Thursday, November 24, 2011

For These I Am Truly Thankful

Thanksgiving always makes us think about what is truly important in life. For us, Christ and His sacrifice that have shown forth the love and favor of God upon us while we were yet sinners is truly the uber Thanksgiving acknowledgment to make. Where would we be headed without Him? So for God's unfathomable love and mercy in Christ, we are truly thankful.

But I also want to discuss God's love and favor upon Allison and I through our children. They each have taught us lessons of God's providence and compassion on our lives, and much of it has humbled me in so many ways.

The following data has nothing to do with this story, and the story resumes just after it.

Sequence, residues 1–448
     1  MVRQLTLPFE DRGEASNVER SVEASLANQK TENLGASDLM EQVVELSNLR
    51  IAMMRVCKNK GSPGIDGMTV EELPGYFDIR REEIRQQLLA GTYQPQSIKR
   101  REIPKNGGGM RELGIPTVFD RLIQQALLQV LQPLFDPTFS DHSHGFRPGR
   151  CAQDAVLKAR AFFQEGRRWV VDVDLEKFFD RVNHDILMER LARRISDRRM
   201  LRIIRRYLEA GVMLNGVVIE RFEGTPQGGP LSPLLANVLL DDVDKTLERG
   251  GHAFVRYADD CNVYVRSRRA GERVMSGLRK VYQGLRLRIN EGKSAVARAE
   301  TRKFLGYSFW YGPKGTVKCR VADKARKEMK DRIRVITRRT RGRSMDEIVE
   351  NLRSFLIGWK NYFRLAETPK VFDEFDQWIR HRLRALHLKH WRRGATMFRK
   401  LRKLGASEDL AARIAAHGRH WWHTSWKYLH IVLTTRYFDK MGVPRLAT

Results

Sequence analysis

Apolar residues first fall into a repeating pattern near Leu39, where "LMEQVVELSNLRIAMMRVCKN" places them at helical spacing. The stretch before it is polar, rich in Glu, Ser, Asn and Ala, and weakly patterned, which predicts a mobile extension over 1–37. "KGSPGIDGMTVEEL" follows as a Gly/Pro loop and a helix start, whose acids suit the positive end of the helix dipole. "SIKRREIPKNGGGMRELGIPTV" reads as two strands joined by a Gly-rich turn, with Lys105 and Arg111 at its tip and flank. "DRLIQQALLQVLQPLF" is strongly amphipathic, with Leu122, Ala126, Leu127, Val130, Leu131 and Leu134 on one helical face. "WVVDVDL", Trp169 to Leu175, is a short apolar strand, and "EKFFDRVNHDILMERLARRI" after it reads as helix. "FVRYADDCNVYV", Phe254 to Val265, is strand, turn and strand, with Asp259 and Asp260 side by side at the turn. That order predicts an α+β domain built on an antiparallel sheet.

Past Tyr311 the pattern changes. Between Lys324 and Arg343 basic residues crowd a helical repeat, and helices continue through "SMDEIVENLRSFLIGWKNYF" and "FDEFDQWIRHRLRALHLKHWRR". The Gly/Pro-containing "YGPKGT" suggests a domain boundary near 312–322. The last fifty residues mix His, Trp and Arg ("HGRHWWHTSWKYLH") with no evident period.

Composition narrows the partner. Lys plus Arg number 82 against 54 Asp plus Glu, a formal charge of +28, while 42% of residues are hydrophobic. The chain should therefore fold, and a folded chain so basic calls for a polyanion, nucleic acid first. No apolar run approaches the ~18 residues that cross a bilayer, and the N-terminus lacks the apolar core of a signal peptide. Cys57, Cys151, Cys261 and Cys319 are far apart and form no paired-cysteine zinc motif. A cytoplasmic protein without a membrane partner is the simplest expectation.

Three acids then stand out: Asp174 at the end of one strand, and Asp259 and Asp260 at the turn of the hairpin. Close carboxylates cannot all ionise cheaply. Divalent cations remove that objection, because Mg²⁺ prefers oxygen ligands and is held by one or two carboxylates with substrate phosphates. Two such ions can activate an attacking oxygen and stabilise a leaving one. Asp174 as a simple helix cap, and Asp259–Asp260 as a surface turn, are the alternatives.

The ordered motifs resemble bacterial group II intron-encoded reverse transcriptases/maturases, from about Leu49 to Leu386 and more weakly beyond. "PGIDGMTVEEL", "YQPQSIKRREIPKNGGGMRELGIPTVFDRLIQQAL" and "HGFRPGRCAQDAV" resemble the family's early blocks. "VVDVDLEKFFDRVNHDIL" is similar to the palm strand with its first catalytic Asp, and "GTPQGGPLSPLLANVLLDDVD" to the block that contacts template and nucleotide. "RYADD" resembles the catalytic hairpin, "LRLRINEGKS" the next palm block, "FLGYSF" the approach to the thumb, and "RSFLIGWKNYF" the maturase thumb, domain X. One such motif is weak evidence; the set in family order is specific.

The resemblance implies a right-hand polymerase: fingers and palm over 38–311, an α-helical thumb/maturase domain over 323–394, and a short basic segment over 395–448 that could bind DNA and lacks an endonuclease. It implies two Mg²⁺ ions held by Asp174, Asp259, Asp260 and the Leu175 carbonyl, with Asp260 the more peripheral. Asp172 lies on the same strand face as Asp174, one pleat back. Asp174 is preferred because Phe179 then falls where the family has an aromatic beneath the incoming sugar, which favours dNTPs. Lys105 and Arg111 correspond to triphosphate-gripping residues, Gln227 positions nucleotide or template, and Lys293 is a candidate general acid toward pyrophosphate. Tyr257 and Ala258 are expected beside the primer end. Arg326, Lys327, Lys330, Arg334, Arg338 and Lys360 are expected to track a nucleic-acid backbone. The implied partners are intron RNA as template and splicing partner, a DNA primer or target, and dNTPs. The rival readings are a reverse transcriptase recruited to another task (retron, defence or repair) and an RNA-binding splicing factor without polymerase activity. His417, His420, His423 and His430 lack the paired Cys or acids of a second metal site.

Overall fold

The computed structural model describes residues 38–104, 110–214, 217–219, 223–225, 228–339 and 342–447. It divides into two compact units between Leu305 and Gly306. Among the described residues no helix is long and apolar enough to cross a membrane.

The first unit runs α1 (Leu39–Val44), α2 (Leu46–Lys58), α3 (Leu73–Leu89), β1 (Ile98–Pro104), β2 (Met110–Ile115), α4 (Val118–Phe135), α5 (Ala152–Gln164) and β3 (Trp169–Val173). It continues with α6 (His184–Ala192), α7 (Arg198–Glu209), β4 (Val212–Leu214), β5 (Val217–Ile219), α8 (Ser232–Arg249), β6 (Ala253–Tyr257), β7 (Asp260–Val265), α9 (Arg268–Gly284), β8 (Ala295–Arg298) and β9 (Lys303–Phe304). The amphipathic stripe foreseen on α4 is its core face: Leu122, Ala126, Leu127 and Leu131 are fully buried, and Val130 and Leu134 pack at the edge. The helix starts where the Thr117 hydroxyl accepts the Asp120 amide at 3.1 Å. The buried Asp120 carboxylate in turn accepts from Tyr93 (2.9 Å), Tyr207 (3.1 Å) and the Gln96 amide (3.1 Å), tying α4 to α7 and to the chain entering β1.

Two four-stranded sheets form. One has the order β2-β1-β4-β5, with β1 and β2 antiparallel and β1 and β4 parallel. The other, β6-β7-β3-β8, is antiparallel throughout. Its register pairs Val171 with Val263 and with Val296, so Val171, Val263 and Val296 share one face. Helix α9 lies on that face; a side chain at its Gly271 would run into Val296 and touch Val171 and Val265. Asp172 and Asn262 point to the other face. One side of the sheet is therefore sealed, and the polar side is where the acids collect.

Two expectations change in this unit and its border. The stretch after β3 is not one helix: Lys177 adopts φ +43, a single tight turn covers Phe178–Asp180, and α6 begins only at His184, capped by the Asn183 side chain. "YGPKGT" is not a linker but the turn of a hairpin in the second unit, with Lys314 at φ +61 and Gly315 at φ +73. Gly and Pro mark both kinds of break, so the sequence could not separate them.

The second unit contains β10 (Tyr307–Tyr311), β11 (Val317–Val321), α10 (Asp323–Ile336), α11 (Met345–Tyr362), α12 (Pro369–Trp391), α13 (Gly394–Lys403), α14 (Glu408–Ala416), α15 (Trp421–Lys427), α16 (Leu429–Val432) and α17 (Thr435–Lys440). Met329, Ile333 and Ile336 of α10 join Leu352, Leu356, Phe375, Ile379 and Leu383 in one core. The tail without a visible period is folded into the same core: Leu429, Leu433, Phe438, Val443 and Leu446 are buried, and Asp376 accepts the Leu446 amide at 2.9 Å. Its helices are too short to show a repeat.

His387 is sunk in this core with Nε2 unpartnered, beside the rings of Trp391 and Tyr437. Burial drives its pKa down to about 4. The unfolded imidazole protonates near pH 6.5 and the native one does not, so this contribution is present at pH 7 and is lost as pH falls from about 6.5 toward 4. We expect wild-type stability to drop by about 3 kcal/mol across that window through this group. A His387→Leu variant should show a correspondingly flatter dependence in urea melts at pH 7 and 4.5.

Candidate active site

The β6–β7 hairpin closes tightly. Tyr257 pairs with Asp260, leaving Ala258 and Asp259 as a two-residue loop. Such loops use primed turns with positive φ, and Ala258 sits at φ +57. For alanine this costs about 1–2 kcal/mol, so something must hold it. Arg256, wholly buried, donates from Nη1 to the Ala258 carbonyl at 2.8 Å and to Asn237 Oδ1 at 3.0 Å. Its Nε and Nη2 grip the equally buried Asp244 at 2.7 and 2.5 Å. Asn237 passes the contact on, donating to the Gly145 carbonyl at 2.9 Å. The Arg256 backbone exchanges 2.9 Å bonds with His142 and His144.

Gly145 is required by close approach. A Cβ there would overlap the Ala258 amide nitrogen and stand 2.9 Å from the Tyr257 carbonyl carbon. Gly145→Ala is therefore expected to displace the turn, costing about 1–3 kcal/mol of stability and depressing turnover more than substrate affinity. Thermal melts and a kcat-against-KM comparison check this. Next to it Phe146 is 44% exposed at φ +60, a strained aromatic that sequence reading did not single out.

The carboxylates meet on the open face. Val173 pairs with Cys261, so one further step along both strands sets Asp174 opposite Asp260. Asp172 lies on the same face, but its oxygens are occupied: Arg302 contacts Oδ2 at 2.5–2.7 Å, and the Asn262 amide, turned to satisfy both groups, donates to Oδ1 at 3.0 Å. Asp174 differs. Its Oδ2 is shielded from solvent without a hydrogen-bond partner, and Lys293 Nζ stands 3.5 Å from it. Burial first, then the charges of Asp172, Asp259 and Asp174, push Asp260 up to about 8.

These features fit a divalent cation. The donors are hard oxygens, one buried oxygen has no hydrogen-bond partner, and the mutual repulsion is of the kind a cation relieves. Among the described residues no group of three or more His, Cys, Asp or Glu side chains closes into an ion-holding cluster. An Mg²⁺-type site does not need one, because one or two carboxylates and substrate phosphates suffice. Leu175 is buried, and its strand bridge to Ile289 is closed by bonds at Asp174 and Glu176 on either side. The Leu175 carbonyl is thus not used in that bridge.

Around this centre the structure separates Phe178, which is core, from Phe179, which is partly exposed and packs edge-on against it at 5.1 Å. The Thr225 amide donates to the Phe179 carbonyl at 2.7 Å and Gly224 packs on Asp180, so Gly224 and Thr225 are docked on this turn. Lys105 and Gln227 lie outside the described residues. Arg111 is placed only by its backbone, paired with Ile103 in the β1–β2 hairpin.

Jonathan, our firstborn, came at a time when I was planning on taking the academic world by storm. My longtime goal, to go to Cambridge University in order to get my PhD, was shattered at his birth. I realized the difficulty of going, and that it would just not be possible anymore, so when I had the application ready to go, I didn't even send it in. Allison and I were committed to let the Lord decide the "when" and "how many" of our children, so we let Him decide, but down deep, I was still holding on to my own self-direction, and even though complying because of a principle I did not yet fully understand, I was angry that my dream was destroyed. But then something happened that had not happened before. I began to love someone else unconditionally. I never realized that I hadn't before, but when Jonathan came, he taught me to love. I then soon realized that what God had given me was not a backlash for trusting Him, but something more valuable than gold. In fact, when I speak of my children now, that's exactly what I refer to them as. They are my gold. Jonathan's name, which means, "YHWH has given" became a lesson from God that he was given by God, in God's wisdom (rather than in my own), and I began to understand why what it is that Allison and I had decided to do in giving God the control was so important and the best thing. So my feelings caught up with my theory and practice, and Jonathan became a symbol of trusting in God's goodness toward us for all of our children. His middle name, Michael, which is a Hebrew question that means, "Who is like God?" is also an apt lesson, as God taught us through Jonathan that no one knows what is the right or wrong course to take in the moment, but God alone. There are no better hands in which to place one's life and the lives of one's children.